Hello and thank you for standing by for Baidu's third quarter 2010 earnings conference call. (Operator Instructions)
I would now like to turn the meeting over to your host for today's conference, Victor Tseng, Baidu's Investor Relations Director.
Hello, everyone, and welcome to Baidu's third quarter 2010 earnings conference call. We distributed Baidu's third quarter 2010 earnings release earlier today. You can find a copy of the press release on the company's website as well as on newswire services.
Today, you will hear from Robin Li, Baidu's Chief Executive Officer; and Jennifer Li, Baidu's Chief Financial Officer. After their prepared remarks, Robin and Jennifer will be joined by Haoyu Shen, Senior Vice President of Business Operations, to answer your questions.
Before we carry on, please note that the discussion today will contain forward-looking statements made under the Safe Harbor provisions of the U.S. Private Securities Litigation Reform Act of 1995. Forward-looking statements are subject to risks and uncertainties that may cause actual results to differ materially from our current expectations.
Potential risks and uncertainties include, but are not limited to those outlined in our public filings with the SEC, including our annual report on Form 20-F. Baidu does not undertake any obligation to update any forward-looking statements except as required under applicable law.
Our earnings press release on this call includes discussions of certain unaudited non-GAAP financial measures. Our press release contains a reconciliation of the unaudited non-GAAP measures to the unaudited most directly comparable GAAP measures and is available on our IR website at ir.baidu.com.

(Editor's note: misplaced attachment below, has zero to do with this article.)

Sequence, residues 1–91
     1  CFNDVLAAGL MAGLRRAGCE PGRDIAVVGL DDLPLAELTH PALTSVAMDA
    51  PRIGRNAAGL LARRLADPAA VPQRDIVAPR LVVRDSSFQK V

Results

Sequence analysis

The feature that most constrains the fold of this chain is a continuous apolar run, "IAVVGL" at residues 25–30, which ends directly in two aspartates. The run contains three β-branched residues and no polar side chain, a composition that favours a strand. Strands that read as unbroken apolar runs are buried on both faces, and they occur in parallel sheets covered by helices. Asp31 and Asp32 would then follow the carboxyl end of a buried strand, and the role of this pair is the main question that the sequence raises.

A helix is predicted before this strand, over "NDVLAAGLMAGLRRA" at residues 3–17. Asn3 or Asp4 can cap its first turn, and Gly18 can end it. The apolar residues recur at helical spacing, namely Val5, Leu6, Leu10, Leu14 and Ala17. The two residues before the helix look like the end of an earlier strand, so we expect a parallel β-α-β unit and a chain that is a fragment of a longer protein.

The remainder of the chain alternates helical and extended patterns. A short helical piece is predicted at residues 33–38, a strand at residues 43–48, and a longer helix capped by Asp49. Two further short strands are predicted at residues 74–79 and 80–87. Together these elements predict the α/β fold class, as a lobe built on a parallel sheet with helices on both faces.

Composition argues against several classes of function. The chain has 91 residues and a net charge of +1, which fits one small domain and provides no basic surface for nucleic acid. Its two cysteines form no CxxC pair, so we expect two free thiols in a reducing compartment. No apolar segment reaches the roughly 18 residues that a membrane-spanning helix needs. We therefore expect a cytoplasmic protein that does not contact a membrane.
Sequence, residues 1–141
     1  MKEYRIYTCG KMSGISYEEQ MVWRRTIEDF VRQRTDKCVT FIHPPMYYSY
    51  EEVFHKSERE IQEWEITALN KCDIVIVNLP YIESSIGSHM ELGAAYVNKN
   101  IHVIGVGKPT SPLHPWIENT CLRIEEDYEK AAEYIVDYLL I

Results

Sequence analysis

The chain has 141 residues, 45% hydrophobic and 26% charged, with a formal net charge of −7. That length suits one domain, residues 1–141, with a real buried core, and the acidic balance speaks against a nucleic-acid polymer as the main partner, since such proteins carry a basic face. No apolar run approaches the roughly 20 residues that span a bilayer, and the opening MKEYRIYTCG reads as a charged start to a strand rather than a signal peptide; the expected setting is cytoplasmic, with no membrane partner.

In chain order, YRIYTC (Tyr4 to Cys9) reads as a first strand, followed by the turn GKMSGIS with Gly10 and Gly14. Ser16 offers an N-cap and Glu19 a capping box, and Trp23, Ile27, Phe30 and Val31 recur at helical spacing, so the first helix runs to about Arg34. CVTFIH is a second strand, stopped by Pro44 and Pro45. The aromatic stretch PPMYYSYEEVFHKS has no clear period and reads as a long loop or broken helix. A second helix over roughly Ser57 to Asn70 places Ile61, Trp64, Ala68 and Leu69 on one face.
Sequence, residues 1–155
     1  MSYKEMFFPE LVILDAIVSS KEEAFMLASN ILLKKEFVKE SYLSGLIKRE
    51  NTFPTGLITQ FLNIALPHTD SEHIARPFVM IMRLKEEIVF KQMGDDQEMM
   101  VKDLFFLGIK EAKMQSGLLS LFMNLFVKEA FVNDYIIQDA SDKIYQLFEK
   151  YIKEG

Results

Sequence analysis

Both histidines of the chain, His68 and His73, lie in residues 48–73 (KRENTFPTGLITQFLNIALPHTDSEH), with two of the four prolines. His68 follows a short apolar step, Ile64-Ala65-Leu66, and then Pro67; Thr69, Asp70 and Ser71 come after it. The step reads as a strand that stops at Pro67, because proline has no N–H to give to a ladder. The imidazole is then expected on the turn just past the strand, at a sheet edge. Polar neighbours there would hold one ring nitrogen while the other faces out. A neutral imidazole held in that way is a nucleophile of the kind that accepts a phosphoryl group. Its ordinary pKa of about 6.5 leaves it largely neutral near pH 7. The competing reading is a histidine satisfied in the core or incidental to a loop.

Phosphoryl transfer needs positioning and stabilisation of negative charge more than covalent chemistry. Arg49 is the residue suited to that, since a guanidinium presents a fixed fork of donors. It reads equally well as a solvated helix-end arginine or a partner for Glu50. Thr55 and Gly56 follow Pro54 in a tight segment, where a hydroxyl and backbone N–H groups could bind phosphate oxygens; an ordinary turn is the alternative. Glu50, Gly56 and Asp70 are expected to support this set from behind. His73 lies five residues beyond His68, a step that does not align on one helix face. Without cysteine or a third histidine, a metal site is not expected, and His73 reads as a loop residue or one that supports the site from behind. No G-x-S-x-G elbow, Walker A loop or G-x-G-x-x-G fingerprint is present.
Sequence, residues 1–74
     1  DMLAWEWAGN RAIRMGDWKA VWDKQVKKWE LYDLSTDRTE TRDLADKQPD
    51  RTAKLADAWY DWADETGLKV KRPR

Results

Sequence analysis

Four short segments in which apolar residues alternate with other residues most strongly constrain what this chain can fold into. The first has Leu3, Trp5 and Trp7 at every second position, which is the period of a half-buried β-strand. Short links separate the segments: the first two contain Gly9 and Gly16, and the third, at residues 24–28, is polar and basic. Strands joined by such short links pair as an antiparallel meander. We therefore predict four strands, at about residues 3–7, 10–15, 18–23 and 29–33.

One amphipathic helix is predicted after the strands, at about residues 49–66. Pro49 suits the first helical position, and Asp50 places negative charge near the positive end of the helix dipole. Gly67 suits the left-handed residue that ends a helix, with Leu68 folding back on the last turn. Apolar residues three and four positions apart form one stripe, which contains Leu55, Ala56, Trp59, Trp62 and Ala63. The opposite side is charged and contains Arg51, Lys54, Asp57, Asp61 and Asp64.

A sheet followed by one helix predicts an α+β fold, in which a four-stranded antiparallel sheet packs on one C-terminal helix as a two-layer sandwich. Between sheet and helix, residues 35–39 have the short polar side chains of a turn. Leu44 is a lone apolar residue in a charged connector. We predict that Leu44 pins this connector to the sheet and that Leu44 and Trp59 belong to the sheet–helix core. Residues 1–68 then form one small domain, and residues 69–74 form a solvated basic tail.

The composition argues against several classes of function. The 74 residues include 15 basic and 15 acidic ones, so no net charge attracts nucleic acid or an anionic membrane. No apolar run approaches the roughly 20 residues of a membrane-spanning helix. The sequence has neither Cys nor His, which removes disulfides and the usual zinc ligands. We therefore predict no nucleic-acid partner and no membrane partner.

As a reminder, this conference call is being recorded. In addition, a webcast of this conference call will be available on Baidu's corporate website.
I will now turn the call over to Baidu's CEO, Robin Li.
Hello, everyone, and welcome to today's call. The team worked hard and delivered another outstanding quarter of results.
During the third quarter, both ARPU and customer base increased healthily, which directly contributed to the robust top-line increase.
With our Phoenix Nest platform fully implemented, we continue to improve monetization and provide new value-added tools to help customers optimize account management and improve ROI. As we focus on building out our sales force and engaging with customers more deeply and comprehensively, both larger companies and SMEs are becoming more sophisticated online marketers and spending more with us.
By driving awareness and further enhancing functionality of Phoenix Nest platform, we are confident in seeing further growth and improvements here.
During the quarter, we also made significant progress on a number of box computing related initiatives; in particular, in September at baidu.org we introduced the Baidu open application platform. This idea grew out of our recognition that over 30% of user queries were for applications and not just information.
On this platform, we can intelligently embed not only useful information, but also a wide range of applications such as web-based games, ebooks and popular software that are directly and dynamically accessible in our search results. We are the first search engine company to integrate these functions. We are already seeing strong developer interest and have amassed hundreds of apps, including virus protection software, photo editors, games, and more.
Box computing is technology-intensive, involving Natural Language Processing, machine learning, high performance computing and smart ranking of premium content and the applications. Our box computing initiative, currently including both Baidu open data platform, also known as Aladdin, and Baidu open application platform are the cornerstones of our vision to revolutionize user experience. We believe this will further solidify Baidu's position as the center of China's internet.
Beyond improving our overall user experience and core marketing platform, we are pushing forward on several other fronts. We are putting increasing emphasis on our contextual ads. In this quarter, we rolled out an updated version to promote better relevance and targeting. We are hopeful this area can become a meaningful growth contributor in the future.